I returned to the UK last Monday. I generally find customs a fairly uninspiring place full of workers who are trying to catch you out (which is their job). I’ve never done anything wrong when entering a country, but customs officials have an uncanny way of making you feel as if you have done something wrong and that there are grave consequences for what you haven’t actually done. Such as on Monday.
I arrived with Leah, my American partner, whose potential crime, it seems, was being an American. After visiting her family in the USA, we have travelled to the UK to visit my family for a couple of weeks. I waltzed through customs, grabbed the bags, and waited for 45 minutes without any sign of Leah. Eventually I was approached by a border guard who proceeded to question me for half an hour about my life since meeting this young lady over three and a half years ago.
This is the story I told her. Every word is the truth.
I was hitchhiking in Europe when I met Leah who was on a one week holiday to Poland. She decided not to get on her plane and hitchhiked with me for several months before visiting the UK, and then working with me as an English teacher in Turkey. From there we travelled across Europe for several months before moving to South Korea and then Australia.
Completely unsatisfied, she quizzed me on every detail: how we supported ourselves, the dates on which we entered and left each country, and a seemingly never ending stream of questions in between. She even accused me of having someone else buy Leah’s ticket for her. We have travelled to more than thirty countries in the past few years, many of which don’t require passport stamps, and I don’t remember the dates exactly. We have travelled by bicycle for a month, travelled by raft, and slept outside for free for many of my journeys, meaning we have been able to travel at a very low cost – almost travelling without money at times. These are not ‘conventional’ methods of travel, but they are real and anyone can do them if they want to. Most people however, see them as impossible.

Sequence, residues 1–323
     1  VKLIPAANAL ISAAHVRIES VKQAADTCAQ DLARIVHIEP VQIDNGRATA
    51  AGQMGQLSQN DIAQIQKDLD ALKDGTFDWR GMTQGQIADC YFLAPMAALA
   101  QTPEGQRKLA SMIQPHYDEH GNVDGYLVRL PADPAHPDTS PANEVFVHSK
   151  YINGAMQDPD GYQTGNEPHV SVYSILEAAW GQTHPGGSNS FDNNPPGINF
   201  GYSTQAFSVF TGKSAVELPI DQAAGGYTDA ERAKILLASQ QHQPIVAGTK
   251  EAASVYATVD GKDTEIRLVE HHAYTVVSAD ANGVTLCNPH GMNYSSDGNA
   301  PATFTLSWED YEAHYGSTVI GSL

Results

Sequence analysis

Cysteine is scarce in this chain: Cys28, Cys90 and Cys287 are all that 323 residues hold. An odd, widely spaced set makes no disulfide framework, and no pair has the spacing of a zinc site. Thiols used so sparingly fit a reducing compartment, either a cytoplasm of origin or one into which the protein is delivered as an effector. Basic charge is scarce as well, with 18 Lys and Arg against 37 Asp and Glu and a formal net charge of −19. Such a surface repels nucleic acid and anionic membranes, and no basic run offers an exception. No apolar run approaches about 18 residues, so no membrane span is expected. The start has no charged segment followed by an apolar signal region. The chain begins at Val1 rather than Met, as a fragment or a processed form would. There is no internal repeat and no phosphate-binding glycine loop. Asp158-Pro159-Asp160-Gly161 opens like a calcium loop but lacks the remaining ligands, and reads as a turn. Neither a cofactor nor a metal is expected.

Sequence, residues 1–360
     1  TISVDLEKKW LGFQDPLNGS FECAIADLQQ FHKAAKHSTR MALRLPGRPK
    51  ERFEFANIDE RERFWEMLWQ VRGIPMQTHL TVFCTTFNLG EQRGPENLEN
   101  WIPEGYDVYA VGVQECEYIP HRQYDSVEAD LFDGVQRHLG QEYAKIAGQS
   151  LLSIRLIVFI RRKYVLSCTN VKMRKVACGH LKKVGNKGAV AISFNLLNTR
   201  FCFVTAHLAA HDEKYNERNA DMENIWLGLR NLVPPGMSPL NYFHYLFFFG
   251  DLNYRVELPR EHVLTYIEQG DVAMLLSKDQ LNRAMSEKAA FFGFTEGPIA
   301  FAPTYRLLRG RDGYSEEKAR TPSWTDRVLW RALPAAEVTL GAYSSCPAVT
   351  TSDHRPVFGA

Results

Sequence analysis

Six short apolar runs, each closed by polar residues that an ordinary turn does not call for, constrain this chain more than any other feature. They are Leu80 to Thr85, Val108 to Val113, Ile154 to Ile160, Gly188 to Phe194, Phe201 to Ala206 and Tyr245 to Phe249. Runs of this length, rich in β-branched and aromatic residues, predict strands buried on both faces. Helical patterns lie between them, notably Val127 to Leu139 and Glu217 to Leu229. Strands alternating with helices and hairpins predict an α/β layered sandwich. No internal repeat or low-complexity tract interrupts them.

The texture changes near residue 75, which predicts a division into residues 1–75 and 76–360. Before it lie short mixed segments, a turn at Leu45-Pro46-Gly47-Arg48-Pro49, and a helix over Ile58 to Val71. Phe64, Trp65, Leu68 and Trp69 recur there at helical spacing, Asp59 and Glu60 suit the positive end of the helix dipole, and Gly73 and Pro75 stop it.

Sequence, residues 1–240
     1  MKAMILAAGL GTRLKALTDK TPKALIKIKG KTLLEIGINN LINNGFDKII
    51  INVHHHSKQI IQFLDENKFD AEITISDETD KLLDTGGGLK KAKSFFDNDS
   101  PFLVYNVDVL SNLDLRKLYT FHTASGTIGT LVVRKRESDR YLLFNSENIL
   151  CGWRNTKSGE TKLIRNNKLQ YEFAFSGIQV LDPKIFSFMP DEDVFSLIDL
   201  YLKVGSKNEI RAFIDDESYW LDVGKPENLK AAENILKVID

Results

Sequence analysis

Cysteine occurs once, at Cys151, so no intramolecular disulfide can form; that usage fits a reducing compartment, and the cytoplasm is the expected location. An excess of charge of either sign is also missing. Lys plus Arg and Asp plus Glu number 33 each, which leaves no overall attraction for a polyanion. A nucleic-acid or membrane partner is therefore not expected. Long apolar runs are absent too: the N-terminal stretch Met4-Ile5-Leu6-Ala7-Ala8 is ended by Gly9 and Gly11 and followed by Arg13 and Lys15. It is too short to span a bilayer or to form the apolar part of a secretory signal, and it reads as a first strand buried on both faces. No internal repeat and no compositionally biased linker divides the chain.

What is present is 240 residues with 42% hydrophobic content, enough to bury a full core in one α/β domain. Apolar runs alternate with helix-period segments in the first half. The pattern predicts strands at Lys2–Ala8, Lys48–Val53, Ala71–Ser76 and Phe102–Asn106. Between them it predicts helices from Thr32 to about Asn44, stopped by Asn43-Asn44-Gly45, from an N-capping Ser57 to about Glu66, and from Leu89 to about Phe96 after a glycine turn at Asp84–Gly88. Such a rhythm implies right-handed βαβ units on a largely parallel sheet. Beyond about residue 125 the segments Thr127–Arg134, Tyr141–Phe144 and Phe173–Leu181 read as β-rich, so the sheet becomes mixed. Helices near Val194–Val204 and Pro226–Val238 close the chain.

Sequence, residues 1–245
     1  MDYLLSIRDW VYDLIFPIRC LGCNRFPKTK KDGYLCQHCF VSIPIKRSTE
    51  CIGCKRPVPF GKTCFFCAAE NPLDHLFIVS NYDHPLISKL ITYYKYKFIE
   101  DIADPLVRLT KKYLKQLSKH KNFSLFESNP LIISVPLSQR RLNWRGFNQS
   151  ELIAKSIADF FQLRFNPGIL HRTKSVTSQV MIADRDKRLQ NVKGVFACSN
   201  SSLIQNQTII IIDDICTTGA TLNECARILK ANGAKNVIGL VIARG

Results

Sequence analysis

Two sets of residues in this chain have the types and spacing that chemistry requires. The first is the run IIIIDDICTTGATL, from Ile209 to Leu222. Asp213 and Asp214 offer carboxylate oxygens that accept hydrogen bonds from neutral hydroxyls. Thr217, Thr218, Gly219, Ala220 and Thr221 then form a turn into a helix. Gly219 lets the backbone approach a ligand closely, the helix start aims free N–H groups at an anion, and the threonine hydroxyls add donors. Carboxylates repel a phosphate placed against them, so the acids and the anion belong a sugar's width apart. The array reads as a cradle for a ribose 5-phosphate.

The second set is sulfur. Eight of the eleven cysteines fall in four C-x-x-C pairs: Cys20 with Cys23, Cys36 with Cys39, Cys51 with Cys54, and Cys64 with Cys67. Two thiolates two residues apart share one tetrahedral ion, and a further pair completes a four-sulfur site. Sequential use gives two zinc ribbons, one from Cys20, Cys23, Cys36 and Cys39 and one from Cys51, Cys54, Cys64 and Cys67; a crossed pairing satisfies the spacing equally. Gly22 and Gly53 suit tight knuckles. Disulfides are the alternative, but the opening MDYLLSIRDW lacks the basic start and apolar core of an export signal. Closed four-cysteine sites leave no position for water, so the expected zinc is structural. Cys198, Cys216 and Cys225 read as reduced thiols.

Tired of my answers, the border guard went back to Leah (who was held in a room where I couldn’t get to her) and questioned her further. As the exact dates are near impossible to remember and the border guard had never heard of Istanbul (our home in Turkey), Slovenia, or several other countries we have visited, she said something that implied our stories were either made up or didn’t match up. It is possible we got mixed up with dates (ever so slightly), but other than that, everything matched because it is the truth. Despite this, it took nearly two hours to get through customs and Leah’s passport was put on a watch list in case she tries to do anything sneaky.
I understand that a country wants to protect its borders, ensuring that no-one is attempting to take advantage of the system, but I also find it unfair to be singled out due to the life that we have lived. In fact, much of the life we have lived (being nomadic) has largely been due to the fact that we have different passports and are not able to live easily in either of our home countries. Thus we have travelled around the world, applying for visas and working in places where we are both easily able to work legally. My major question here is ‘why was she put on a watch list?’ And does that affect her travel in the future? She hasn’t ever done anything wrong, our stories matched, and we are here for a short vacation. It seems she was singled out for a random check and despite having legitimate answers, blacklisted for being questioned as part of that random check. In a few days, she will fly back to America. Hopefully that will take her off ‘the list’.
Silly customs, eh?!
You might also want to read:
The Boy Who Was Afraid of the World – how I met Leah in Poland.
The Girl Who Jumped – a video about Leah making the life changing decision to quit life and hitchhike with me.
Travelling Without Money – the way we travel so cheaply in an expensive world.